Skip to Content, Navigation, or Footer.
Support independent student journalism. Support independent student journalism. Support independent student journalism.
The Dartmouth
June 23, 2024 | Latest Issue
The Dartmouth

DDS jobs safe until after summer

No decision will be made on Dartmouth Dining Services employee cutbacks until the end of Summer term at the earliest, Associate Director of DDS Tucker Rossiter told union employees at a meeting yesterday afternoon.

Although no specific cuts have been decided, the ad hoc committee charged with determining the future of DDS plans to distribute a letter to all students describing the new meal plan to be implemented at the beginning of Fall term.

The letter will be delivered to Hinman boxes tomorrow or early next week, and it will detail only a temporary solution to DDS's financial woes, Committee member Rachel Bogardus '98 said.

Rossiter, also a member of the committee, met with Local 560 Union President Earl Sweet and union members yesterday to brace them for the possibility of lay-offs and to inform them of the committee's decision to delay making cuts to DDS.

Sweet said the meeting did nothing to ease the fears of union members, who will now have to spend another three to four months worrying about their job security. He said the employees were expecting an announcement of a final decision on DDS' future at yesterday's meeting.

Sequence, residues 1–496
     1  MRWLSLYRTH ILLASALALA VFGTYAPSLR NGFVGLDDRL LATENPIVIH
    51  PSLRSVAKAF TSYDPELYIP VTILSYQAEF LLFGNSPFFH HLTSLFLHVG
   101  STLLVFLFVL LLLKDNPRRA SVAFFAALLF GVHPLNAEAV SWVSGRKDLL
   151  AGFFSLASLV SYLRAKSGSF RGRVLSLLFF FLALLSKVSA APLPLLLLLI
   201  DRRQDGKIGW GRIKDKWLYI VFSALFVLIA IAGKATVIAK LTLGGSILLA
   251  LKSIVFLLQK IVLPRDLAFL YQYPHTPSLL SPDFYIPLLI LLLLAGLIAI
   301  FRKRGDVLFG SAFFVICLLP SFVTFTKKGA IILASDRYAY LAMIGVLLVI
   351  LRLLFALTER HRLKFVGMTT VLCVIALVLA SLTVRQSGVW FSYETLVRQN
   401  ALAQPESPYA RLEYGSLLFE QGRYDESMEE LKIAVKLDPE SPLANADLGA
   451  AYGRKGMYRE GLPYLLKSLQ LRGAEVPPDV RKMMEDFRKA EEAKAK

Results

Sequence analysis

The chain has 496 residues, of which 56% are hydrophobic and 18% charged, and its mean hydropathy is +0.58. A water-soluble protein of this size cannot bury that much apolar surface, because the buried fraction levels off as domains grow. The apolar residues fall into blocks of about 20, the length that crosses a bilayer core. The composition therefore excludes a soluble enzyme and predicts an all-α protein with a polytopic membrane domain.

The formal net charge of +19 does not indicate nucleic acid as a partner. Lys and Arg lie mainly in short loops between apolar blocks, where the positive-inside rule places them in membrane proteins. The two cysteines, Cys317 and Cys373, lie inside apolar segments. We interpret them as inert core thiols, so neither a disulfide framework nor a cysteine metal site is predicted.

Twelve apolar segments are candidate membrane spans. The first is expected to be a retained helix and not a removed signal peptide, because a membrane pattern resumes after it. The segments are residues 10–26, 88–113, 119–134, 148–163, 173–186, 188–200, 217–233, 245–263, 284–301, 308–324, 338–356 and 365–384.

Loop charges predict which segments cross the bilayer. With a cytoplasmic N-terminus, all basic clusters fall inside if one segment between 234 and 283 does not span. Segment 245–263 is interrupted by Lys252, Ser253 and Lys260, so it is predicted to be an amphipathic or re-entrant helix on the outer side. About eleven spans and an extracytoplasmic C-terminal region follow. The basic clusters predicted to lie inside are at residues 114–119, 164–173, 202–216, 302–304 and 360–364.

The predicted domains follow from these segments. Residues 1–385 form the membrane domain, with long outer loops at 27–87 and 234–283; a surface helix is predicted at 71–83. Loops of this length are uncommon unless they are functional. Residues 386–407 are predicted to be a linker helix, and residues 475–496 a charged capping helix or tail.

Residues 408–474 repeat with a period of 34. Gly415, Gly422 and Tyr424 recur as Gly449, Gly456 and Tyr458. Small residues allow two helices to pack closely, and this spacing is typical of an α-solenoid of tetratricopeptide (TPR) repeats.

Union employees are also dissatisfied with the amount of input they have been allowed in DDS decisions both past and present, Sweet said.

Employees' suggestions of ways for DDS to save money have gone largely ignored and no union representatives are members of the committee that will ultimately decide the fate of DDS, he said.

Those in attendance at yesterday's meeting spoke about increasing union involvement in the decision-making process, though no provisions have been made.

Sweet said the union will ultimately have to decide which employees will lose their jobs, starting with those of least seniority. Those laid off from DDS are expected to be given priority for other College job openings.

Rossiter said delaying the decision protects the employees with lowest seniority because cutbacks may occur through attrition rather than layoffs.

DDS employees are at a loss for how to deal with the news, since it brings no real prediction of their future, Sweet said. He said students may not have thought about the impact their complaints about DDS would have, especially when voting in the Student Assembly-sponsored referendum two weeks ago.

"Some students looked at it as an $800 thing," he said. "It's a lot more devastating than that."